Intellectual Property Bill Becomes Law: Critics Say It Goes Too Far

New law gives authorities more leeway to prosecute thieves who steal sensitive data for piracy or espionage

President Bush yesterday signed a bill that toughens current laws on the theft of intellectual property and establishes a new White House cabinet position to oversee the IP infringement effort.

The Prioritizing Resources and Organization for Intellectual Property Act (Pro-IP), which was passed by the House and Senate earlier this month, establishes the position of intellectual property enforcement coordinator ("IP czar"). It also steepens penalties for IP infringement and increases resources for the Department of Justice to coordinate for federal and state efforts against counterfeiting and piracy.

The bill has broad support among businesses, particularly the Recording Industry Association of America, which has been pushing for stiffer legislation to protect the copyrights of music and film. The law could also pave the way for stiffer penalties against those who steal IP from companies via online or insider attacks.

However, some critics say the new law goes too far. "Vesting greater power in prosecutors to pursue IP theft/infringement and seize associated assets is not a good practice," says John Dozier, an attorney who has represented clients on both sides of IP infringement law.

"Greater power gives the prosecutor far greater discretion," Dozier notes in his blog. "And it seems to me, from what we are seeing, that broader prosecutorial discretion in complex IP and IT cases is a recipe for disaster."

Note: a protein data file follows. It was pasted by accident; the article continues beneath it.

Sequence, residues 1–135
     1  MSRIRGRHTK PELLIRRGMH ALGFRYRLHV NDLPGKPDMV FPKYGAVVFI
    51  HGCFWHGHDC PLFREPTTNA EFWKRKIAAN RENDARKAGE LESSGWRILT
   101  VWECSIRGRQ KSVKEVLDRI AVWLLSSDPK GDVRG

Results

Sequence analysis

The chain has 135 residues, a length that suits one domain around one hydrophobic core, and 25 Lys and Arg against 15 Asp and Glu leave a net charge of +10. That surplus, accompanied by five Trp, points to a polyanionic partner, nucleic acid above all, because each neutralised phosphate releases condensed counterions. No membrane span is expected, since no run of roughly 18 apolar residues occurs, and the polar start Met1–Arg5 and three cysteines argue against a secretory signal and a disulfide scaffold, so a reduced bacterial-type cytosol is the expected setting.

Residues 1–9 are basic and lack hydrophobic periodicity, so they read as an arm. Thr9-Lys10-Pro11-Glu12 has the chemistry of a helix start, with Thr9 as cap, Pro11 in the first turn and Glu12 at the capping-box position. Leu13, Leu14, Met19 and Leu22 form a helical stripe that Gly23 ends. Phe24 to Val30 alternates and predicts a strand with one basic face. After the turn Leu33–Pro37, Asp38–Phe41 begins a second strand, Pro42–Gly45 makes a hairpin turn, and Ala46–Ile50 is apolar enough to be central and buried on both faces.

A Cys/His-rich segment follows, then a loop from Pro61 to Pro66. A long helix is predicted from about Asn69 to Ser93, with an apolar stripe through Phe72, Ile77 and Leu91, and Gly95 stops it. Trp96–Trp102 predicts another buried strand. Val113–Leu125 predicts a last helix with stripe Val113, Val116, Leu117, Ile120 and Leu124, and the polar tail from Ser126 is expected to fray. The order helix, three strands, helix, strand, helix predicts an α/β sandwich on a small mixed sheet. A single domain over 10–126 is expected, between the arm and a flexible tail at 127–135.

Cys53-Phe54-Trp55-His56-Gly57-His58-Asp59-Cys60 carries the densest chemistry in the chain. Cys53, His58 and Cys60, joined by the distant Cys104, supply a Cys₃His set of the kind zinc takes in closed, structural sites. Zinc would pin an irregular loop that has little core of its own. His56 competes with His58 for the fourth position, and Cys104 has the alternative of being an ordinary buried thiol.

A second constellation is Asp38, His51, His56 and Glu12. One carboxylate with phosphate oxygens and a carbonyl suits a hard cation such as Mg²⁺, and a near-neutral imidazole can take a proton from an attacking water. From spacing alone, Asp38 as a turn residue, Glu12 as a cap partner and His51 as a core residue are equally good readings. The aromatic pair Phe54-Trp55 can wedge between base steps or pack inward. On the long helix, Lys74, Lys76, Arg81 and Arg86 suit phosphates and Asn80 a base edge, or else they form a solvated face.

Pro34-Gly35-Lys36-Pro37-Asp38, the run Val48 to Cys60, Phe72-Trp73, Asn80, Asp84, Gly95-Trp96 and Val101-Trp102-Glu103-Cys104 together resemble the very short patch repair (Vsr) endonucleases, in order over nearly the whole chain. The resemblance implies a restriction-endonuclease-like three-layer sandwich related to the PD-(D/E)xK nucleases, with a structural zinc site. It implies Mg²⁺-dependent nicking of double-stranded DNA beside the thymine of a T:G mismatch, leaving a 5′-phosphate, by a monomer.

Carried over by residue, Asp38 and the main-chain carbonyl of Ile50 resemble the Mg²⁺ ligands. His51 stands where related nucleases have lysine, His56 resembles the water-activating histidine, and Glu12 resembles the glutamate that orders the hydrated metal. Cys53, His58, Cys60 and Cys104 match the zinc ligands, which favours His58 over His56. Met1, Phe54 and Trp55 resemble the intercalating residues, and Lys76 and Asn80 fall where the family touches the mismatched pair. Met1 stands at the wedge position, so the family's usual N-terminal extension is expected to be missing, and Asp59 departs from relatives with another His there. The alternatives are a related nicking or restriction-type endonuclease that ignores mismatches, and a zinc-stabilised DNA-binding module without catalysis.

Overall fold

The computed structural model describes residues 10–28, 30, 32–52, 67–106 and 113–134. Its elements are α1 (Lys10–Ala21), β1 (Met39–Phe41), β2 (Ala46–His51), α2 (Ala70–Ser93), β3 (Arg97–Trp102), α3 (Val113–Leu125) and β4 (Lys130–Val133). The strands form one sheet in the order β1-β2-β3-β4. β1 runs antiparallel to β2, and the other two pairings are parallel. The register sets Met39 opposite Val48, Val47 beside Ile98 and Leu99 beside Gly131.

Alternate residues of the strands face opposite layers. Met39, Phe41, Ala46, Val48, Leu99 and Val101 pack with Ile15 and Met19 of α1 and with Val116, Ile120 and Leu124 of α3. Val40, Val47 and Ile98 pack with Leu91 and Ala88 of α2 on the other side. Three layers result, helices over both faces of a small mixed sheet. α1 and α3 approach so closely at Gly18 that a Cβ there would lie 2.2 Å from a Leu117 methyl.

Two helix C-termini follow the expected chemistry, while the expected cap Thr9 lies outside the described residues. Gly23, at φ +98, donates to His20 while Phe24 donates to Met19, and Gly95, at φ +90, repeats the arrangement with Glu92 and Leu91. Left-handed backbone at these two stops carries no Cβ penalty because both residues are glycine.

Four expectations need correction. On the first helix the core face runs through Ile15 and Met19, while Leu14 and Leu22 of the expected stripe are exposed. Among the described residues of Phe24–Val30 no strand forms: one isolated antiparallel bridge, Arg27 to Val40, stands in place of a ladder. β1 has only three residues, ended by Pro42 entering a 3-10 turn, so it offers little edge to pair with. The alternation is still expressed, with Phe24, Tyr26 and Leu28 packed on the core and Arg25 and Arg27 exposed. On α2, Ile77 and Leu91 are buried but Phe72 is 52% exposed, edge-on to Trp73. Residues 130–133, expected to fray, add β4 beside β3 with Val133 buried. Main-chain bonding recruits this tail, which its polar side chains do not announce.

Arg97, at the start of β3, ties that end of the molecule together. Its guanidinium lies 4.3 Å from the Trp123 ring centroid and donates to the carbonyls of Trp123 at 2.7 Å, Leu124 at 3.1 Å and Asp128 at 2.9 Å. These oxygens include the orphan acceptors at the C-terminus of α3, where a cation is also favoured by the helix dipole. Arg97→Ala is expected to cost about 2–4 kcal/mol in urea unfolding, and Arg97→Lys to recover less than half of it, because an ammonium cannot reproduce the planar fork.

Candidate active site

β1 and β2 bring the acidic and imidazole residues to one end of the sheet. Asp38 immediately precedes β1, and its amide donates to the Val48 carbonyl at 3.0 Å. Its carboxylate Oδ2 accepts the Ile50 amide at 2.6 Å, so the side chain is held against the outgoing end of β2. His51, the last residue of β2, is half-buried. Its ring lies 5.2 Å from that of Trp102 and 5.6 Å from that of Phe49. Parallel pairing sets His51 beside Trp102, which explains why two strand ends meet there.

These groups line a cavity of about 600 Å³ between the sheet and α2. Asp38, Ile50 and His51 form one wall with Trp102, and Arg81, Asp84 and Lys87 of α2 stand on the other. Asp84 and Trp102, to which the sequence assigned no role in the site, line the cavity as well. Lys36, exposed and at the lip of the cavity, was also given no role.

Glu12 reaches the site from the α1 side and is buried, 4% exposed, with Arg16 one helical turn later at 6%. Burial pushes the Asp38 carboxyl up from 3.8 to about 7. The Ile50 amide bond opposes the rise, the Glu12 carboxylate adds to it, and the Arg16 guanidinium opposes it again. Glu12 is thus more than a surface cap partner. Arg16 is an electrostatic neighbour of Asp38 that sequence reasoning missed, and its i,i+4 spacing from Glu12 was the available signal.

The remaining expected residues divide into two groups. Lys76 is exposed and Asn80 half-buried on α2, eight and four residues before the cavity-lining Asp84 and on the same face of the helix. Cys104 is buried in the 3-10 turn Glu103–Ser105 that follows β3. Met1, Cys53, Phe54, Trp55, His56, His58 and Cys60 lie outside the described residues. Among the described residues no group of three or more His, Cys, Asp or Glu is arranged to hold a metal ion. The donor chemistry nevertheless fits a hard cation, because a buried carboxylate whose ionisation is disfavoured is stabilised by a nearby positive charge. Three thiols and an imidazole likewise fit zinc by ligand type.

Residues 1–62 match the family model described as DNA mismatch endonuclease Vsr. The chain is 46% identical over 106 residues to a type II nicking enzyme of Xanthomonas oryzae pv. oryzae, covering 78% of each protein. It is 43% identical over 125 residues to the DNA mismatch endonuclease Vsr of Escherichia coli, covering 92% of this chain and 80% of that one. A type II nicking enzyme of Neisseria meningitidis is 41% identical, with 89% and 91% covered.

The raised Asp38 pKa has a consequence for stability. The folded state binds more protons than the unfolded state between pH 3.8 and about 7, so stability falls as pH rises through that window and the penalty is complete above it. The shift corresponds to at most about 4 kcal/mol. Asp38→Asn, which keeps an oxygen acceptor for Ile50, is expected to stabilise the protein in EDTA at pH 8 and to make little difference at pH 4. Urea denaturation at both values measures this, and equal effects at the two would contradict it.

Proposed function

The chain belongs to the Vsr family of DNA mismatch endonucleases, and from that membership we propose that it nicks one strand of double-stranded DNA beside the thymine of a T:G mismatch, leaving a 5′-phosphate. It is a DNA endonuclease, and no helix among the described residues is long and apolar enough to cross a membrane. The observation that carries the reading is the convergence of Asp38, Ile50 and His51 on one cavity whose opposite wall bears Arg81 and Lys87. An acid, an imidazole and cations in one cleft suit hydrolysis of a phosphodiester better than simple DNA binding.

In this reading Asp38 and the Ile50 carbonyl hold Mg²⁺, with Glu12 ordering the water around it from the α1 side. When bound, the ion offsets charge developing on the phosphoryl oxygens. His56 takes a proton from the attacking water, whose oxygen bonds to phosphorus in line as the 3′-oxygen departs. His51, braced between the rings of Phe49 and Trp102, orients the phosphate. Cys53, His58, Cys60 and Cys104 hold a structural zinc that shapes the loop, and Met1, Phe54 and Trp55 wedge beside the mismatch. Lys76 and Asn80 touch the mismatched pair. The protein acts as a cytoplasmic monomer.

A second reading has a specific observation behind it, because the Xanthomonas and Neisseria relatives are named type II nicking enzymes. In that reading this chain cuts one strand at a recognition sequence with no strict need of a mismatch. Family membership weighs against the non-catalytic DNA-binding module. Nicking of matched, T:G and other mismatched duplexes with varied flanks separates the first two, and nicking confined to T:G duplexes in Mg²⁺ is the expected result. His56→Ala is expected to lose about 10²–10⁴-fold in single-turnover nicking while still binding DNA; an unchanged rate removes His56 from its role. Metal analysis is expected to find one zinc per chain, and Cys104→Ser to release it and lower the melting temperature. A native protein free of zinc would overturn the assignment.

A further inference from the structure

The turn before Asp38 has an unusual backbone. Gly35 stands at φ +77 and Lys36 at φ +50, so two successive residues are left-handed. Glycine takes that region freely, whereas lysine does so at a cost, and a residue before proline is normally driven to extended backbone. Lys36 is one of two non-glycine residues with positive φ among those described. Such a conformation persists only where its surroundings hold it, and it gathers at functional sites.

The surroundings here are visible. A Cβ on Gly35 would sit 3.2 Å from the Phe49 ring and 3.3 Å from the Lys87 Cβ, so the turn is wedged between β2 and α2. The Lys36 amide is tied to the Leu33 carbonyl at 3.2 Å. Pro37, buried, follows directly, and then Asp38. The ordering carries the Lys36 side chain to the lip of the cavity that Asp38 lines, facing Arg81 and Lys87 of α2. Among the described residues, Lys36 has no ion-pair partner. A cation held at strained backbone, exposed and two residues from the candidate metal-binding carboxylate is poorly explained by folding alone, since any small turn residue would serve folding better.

In his own blog, copyright lawyer William Patry agreed. "The bill’s title is designed to constitute the acronym 'Pro-IP,' but it will have the opposite effect," he wrote. "Although the bill is touted as dealing with counterfeiting and piracy, even scratching the surface of the bill reveals a grab bag of previous proposals whose origins are the suits brought by the music industry against in 2000, and not Nigerians selling illegitimate Prada bags in Times Square."

But many business executives say the law is necessary to protect IP and maintain a culture of innovation in U.S. business. "What the Congress recognized and the president has ratified is the critical importance of innovation, technical invention, and creativity to the U.S. economy," said Rick Cotton, executive vice president and general counsel of NBC Universal. "This law will dramatically move the priority of IP enforcement up the agenda in critical ways."

The bill passed the Senate unanimously and received strong bipartisan support in the House. The Bush administration initially opposed the measure and considered a veto, but withdrew its opposition after a provision that would have allowed the Department of Justice to pursue civil litigation against copyright infringers was removed.

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